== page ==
Senate called to act on tax breaks and negative gearing
A SENATE inquiry will be urged to recommend dumping tax breaks for housing investors and make wide-ranging reforms to negative gearing if it is serious about addressing housing affordability.
The inquiry will hold a hearing in Melbourne on Tuesday, with a group of experts from the Swinburne Institute for Social Research to propose vast changes to housing investment tax breaks.
A submission from the researchers given to the inquiry has laid the blame for a lack of reform to address housing affordability on three key issues.
The group will tell the Senate inquiry reform has been hampered by "a lack of political will", "too many reviews and not enough reform" and a "need for evidence and not rent-seeking".
"It is important to reform negative gearing and with a reduction in income tax revenue forgone, there should be scope to provide some additional funding for social and affordable housing," the submission reads.
"Political realities might mean exemption for all existing property owners from reforms but for new investor/owners after some designated date the reforms could come into effect."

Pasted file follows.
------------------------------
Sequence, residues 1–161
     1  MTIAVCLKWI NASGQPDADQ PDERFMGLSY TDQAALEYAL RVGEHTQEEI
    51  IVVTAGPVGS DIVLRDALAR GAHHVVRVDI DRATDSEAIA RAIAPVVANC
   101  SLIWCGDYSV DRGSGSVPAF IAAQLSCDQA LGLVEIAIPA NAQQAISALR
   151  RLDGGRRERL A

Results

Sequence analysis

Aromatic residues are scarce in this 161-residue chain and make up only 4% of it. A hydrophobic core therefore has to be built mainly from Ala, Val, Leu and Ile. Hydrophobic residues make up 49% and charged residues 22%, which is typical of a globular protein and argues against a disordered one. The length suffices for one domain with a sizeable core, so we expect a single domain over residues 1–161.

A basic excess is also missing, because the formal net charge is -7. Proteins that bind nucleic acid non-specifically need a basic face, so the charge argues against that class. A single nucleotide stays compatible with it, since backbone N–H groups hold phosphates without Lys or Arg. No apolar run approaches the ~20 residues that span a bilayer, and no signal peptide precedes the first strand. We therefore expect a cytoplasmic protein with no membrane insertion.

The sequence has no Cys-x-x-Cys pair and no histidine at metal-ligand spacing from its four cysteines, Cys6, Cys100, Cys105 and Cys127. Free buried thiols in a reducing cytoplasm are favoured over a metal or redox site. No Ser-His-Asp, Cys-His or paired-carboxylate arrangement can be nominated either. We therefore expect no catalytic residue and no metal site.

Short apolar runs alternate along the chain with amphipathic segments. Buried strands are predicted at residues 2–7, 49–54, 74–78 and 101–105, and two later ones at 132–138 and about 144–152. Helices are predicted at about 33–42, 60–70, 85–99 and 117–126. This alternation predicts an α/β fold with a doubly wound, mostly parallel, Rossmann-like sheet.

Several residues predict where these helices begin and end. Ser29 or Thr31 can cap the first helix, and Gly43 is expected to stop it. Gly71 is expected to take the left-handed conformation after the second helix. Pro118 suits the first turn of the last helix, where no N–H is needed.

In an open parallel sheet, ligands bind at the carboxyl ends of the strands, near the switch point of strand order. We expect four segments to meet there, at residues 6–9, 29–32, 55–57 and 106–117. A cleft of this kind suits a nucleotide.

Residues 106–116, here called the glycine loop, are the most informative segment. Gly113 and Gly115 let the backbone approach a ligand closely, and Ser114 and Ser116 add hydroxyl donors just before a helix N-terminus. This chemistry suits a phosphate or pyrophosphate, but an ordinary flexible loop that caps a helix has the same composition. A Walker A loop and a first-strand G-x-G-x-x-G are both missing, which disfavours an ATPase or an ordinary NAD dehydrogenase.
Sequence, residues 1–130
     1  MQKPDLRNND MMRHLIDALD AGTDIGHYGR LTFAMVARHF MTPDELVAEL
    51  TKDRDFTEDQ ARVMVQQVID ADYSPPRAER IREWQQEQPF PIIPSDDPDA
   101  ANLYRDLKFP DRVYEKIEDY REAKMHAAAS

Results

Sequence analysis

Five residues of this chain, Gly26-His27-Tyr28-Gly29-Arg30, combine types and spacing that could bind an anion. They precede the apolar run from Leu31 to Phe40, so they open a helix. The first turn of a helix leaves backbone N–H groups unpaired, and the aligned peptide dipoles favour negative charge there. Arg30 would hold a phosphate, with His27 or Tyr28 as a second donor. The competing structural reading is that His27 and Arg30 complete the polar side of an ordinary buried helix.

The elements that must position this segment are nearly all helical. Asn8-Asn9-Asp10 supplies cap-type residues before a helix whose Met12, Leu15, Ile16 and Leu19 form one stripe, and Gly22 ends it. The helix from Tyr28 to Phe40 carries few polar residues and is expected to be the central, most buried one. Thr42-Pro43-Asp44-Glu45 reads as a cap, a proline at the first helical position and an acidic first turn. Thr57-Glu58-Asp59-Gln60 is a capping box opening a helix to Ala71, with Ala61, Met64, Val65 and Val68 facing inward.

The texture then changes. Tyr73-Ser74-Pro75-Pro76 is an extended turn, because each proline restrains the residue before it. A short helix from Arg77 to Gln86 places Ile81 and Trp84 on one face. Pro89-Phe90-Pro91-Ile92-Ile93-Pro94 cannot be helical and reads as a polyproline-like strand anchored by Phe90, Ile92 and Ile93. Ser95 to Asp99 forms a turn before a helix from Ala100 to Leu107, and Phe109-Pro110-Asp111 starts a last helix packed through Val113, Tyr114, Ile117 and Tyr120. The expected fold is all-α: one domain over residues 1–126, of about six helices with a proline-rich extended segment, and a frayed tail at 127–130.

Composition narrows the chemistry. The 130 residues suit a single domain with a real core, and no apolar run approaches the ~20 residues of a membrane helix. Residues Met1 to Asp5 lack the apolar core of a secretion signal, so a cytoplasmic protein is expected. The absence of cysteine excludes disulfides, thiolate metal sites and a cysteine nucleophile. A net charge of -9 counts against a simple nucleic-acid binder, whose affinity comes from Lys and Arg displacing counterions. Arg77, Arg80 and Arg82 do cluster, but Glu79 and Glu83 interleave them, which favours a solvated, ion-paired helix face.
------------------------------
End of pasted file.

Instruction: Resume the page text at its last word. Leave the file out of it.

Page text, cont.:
To address the rising barriers to first-home owners entering the property market, it has proposed abolishing the 50% capital gains tax break for non-home occupiers.
Institute academics also proposed a way forward for changes to negative gearing that would not be politically fraught, including a potential exemption for existing property owners from reforms.
But the submission does recommend reforms to the tax break, including quarantining of tax to rental income, not all income; and making negative gearing available only to newly built homes to help add to housing supply.
The group also highlighted that there would be "no political will" for reform of national housing policies "so long as there are no perceived votes in the issue".
"For policy traction some form of leadership is required to turn it into an electoral issue," the submission reads. - APN NEWSDESK